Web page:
Grand Canyon University: NRS 430V
October 18, 2014
This paper will discuss the differences in competencies between nurses prepared at the associate-degree level versus the baccalaureate-degree level, by using research from different nursing organizations found online. Also identifying a patient care situation in which I will describe how nursing care or approaches to decision-making may differ based upon the educational preparation of the nurse.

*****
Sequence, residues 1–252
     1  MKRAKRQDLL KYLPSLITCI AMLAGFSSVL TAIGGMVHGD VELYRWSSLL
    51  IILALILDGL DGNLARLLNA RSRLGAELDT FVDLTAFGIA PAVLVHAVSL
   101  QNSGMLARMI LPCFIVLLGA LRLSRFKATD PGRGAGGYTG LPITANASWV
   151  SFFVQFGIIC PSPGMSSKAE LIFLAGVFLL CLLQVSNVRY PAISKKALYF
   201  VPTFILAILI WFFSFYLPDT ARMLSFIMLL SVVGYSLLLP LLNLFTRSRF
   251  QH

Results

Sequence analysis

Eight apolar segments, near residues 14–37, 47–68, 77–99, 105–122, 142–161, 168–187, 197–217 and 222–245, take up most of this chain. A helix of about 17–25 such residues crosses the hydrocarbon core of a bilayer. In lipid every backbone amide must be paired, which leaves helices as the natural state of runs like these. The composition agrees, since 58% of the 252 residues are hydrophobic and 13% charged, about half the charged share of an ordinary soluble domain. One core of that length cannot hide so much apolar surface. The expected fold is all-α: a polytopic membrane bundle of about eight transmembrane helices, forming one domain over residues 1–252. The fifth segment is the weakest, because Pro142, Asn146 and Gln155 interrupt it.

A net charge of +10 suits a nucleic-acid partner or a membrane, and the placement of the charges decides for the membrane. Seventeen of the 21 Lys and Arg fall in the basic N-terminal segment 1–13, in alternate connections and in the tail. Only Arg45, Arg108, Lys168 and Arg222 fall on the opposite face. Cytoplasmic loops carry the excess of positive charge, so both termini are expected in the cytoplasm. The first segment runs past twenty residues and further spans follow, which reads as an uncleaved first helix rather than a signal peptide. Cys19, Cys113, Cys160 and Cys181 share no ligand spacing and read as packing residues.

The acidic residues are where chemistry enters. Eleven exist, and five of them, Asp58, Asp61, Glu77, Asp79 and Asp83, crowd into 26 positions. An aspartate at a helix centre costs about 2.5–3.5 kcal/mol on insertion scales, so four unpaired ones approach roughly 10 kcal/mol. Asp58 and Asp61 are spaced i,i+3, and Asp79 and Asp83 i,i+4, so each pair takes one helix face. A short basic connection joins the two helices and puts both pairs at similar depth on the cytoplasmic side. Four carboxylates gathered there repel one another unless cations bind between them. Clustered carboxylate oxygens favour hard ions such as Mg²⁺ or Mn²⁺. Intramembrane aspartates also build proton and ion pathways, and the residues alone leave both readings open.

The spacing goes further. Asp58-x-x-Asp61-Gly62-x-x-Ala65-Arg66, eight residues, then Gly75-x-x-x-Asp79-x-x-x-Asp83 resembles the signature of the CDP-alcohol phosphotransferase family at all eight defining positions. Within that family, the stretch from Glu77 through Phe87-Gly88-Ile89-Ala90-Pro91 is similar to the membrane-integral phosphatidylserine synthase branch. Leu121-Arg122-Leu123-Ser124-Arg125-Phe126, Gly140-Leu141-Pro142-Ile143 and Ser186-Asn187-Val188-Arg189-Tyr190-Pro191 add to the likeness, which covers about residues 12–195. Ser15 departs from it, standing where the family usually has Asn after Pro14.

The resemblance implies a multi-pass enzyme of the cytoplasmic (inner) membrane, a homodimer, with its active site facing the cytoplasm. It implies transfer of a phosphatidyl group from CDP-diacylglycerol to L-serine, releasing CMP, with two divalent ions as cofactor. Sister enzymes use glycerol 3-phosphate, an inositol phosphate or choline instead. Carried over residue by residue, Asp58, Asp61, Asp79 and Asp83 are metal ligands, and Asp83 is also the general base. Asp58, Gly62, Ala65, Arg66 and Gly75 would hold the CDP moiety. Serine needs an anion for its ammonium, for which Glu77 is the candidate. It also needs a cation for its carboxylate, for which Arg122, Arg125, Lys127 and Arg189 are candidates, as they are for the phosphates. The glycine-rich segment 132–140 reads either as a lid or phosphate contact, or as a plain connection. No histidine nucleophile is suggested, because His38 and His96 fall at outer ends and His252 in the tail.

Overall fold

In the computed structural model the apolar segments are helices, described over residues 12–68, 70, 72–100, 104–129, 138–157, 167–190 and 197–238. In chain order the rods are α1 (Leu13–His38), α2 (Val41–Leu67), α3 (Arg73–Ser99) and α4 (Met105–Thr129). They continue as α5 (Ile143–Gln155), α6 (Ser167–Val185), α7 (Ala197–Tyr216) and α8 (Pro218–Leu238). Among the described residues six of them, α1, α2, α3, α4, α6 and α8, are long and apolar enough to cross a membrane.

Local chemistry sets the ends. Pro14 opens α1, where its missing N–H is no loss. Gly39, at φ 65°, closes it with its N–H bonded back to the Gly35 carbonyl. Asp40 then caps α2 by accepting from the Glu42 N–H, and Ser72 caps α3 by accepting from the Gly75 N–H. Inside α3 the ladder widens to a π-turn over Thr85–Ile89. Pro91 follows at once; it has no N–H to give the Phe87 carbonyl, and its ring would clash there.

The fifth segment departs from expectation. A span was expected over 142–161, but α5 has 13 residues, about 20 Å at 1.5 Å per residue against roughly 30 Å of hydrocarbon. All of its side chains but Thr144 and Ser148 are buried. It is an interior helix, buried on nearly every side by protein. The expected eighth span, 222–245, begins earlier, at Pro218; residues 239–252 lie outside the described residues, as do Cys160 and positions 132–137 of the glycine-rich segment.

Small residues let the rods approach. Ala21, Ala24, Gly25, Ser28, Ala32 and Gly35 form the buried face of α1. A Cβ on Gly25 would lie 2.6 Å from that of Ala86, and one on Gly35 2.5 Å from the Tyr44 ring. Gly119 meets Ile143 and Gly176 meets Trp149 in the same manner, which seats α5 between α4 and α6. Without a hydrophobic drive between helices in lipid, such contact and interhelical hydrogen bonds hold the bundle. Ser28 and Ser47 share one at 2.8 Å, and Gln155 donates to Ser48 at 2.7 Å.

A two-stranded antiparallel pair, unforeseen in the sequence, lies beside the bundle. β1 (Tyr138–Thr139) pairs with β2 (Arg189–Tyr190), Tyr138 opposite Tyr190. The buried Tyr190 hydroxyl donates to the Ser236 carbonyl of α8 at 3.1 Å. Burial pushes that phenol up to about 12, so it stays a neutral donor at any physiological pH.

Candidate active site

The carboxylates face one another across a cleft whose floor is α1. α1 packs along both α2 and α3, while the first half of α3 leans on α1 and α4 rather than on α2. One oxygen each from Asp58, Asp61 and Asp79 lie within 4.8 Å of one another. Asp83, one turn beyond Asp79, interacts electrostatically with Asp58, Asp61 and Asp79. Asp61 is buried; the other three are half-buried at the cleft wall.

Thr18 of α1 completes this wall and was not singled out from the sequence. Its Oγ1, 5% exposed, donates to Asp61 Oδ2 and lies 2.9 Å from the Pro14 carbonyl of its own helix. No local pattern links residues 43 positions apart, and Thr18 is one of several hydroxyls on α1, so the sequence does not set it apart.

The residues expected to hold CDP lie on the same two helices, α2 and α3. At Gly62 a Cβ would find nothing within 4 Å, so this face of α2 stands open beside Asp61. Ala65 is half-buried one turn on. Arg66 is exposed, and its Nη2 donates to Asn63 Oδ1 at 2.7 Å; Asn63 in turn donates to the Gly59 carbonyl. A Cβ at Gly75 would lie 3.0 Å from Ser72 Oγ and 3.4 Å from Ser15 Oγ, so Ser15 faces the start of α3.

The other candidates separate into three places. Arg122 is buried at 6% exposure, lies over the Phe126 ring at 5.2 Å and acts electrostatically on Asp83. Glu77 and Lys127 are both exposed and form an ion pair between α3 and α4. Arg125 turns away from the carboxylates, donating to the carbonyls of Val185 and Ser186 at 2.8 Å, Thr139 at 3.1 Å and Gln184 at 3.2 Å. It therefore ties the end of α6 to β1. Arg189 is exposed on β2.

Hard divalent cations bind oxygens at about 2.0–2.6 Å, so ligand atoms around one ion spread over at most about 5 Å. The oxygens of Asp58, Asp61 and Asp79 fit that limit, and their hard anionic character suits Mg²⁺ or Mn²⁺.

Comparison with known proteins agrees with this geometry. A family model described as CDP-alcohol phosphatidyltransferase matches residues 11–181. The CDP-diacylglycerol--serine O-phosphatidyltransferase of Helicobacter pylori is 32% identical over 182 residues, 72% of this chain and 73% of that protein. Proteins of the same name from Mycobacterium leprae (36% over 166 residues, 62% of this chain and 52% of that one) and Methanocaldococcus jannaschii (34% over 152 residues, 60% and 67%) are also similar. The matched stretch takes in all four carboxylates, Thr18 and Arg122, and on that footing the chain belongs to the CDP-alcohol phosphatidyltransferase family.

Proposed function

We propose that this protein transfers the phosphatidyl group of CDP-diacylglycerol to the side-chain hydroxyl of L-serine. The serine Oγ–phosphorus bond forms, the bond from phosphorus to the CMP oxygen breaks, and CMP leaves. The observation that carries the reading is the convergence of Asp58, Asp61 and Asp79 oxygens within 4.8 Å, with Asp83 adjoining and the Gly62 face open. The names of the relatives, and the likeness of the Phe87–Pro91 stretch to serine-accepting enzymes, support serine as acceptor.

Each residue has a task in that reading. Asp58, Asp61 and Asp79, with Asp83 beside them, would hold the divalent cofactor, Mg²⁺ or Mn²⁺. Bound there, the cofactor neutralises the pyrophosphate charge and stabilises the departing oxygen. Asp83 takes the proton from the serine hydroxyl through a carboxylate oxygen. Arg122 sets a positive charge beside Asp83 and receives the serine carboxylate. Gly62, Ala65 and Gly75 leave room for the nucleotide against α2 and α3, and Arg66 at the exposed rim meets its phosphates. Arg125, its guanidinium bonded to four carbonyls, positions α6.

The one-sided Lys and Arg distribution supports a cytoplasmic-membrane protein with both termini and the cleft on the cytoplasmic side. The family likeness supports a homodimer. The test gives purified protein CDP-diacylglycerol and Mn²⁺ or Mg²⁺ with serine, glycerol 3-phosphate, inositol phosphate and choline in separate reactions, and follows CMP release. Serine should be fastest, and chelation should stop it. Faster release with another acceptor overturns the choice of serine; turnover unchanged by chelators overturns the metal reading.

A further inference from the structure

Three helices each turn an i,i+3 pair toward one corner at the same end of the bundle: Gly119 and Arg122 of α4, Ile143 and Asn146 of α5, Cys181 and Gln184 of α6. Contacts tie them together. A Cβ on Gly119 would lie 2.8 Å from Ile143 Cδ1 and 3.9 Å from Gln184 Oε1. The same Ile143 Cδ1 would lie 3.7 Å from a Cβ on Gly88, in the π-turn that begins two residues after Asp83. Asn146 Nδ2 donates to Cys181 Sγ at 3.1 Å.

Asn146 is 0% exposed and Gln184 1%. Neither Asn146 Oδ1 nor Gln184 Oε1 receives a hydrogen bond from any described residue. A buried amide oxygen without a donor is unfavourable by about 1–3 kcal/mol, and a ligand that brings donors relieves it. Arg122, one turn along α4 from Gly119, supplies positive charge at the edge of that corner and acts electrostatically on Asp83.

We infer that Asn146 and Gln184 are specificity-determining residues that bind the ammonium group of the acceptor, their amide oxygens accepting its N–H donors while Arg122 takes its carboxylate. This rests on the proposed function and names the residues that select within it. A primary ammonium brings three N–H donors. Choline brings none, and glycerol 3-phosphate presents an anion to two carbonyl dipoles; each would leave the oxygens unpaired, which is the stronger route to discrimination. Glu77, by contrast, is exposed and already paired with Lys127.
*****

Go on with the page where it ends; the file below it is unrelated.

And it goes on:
Differences in competencies between ADN versus BSN In conducting the research for this paper I was a little biased in my opinions of this topic and had to keep an open mind. I am an associate-degree level nurse, and have been for six years. I feel that my experience has taught me a lot about critical thinking, and helping patients improve their outcomes. I felt pressure in to completing my baccalaureate-degree level of education before I felt that I was ready to complete the education. I now have a better understanding into baccalaureate education as being the accepted minimum requirement for nurses. Much research has been done, relating to BSN versus ADN nurses and better patient outcomes. In Grand Canyon University College of Nursing Philosophy, it states “Baccalaureate nursing practice incorporates the roles of assessing, critical thinking, communicating, providing care, teaching, and leading.” I feel that no matter what education level one has after nursing programs that this is a baseline for nurses. It was hard for me to see that nurses who graduate with their BSN were better at bedside care than one who has their ADN. Looking at the research, and numbers of studies done, I now have an open mind on how having a BSN could affect better patient outcomes. The American Association of Colleges of Nursing refers to the NCLEX-RN examination and states “The fact that new nurses pass the licensing exam at the same rate does not mean that all entry-level nurses are equally prepared for practice.” It later goes on to say “This exam does not test for differences between graduates of different programs, measure performance over time, or test for all of the knowledge and skills developed through a baccalaureate program.” This makes an excellent point about it being an exam that tests for minimum competency for safe entry into basic nursing practice. When a person graduates from a BSN program they have more knowledge of community health, nursing research, ethical decision making, family centered health and trends and issues in today’s health. A person with an ADN level of education comes out of school with the fundamentals and basics of nursing, to include creating care plans and performing everyday nursing skills. With the lack of education at the start of a nursing career it makes sense how patients have better outcomes when then nurse has their BSN. In the October 2014 issue of Medical Care, it shares “that a 10% increase in the proportion of baccalaureate-prepared nurses on hospital units was associated with lowering odds of patient mortality by 10.9%.” That number is a significant amount when considering the lives of patients. In the February 2013 issue of the Journal of Nursing Administration, it states “hospitals with a higher percentage of RNs with baccalaureate or higher degrees have lower congestive heart failure mortality, decubitus ulcers, failure to rescue, and postoperative deep vein thrombosis or pulmonary embolism and shorter length of stay.” With that in mind, thinking about the costs involved when patients have longer stays and/or acquire a decubitus ulcer while in the hospital is a large amount. Being able to prevent those conditions helps with lowering costs. Reimbursement amounts from Medicare are lower than the amount of charges to a patient when adverse outcome happens while a patient is admitted in the hospital. A big focus at the long term acute care hospital where I first started my career was